• Federer’s Mental Limitations

I have talked about this subject at length when this was still Ru-an’s Federer Blog and in Ultimate Tennis Blog as well. Federer has all the numbers and records needed for a GOAT, but he does have this flaw where he comes up short in big finals against mentally strong players like Nadal and Djokovic. This was clearly demonstrated again in the US Open final where he was 4/23 on break points.

When I think about this match I sometimes wonder to myself ‘How on earth did Djokovic win?!’ Maybe it was because I was watching the match as a Djokovic fan, but it looked like he was always under pressure and in trouble. And yet the match didn’t even go to five sets. A stat which I also posted in my previous post says Djokovic won only two more points than Federer in the match(147-145).

To me, it looked like Djokovic was constantly under pressure and in trouble, whereas Federer didn’t struggle nearly as much on his own service games. This tells you a lot about Federer’s mental makeup. He has all the talent and weapons in the world, but when crunch time arrives he comes up short. Of course, he is still mentally very good. You don’t win 17 slams without some mental fortitude.

But against the very best in the mental department he gets exposed. He doesn’t possess the killer instinct of Djokovic or Nadal. We have seen it a million times in slam finals against both Djokovic and Nadal, as well as against other players and there is no doubt about it. It is also why his main rival owns him and why Djokovic is now starting to own him. Those are just not very complimentary things for the so-called GOAT.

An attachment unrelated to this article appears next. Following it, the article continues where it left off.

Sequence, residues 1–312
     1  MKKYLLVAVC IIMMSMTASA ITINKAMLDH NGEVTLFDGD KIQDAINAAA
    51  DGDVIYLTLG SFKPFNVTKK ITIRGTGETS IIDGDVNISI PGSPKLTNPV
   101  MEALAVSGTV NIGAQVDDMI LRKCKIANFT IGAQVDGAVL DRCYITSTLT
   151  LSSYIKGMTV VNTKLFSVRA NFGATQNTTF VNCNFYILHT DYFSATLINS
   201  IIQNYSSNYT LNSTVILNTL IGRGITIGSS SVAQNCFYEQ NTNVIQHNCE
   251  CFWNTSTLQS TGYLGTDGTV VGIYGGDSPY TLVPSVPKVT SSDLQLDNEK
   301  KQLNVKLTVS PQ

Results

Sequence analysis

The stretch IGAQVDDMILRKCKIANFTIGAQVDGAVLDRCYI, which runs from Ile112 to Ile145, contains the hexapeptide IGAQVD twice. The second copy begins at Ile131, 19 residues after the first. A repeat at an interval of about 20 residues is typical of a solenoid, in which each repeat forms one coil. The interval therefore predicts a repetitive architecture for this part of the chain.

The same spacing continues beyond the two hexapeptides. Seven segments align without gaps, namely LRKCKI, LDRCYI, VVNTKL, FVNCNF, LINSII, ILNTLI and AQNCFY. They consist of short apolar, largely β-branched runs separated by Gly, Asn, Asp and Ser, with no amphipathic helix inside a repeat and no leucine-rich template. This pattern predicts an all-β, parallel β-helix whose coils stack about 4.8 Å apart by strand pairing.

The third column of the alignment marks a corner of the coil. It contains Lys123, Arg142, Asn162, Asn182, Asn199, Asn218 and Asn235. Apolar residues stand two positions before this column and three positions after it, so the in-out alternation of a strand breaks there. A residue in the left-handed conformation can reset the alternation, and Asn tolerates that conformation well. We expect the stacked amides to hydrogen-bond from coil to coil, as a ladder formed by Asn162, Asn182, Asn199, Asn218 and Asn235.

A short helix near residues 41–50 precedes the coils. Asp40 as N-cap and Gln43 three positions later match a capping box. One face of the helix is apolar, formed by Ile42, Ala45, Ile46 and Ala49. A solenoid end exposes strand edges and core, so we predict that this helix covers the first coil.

Yes, Federer choked. Again. It is what it is folks. There is no denying it. If you can’t accept that Federer choked and has done so in many big finals then you are part of the Federer cult and don’t belong here. This is a blog for objective tennis analysts, not for fawning fanboys. I still can’t believe Djokovic won. It was like he was begging Federer to defeat him, but Federer refused the offer.

That doesn’t mean Djokovic is not an absolute mental monster. He battled an uncivilized Fedtard crowd and a poor final history at the US Open so he had much more to worry about than Federer alone. It took immense inner strength and calm to stay focused in the madness that was unfolding around him. And yet he praised Federer in the post-match interview. Now that is mental strength.

  • Looking Ahead

Well, I never thought after what happened at Wimbledon anything would top it but this arguably did as a Djokovic fan. This was the outcome I wanted more than anything and it happened. So I feel very lucky as a tennis fan and I hope the other Djokovic fans do too. This was absolutely massive in the GOAT debate and going forward for Djokovic. He had to win another US Open and he had to do it now.

Had he lost he could have kissed the GOAT thing goodbye. But now he is right on track. The big one is now of course the French Open to complete the career slam. For all I care he can lose the Australian Open as long as he wins the French. And I think the US Open win was good preparation for the hostile French crowd. Also just all the pressure he was under in the US Open final.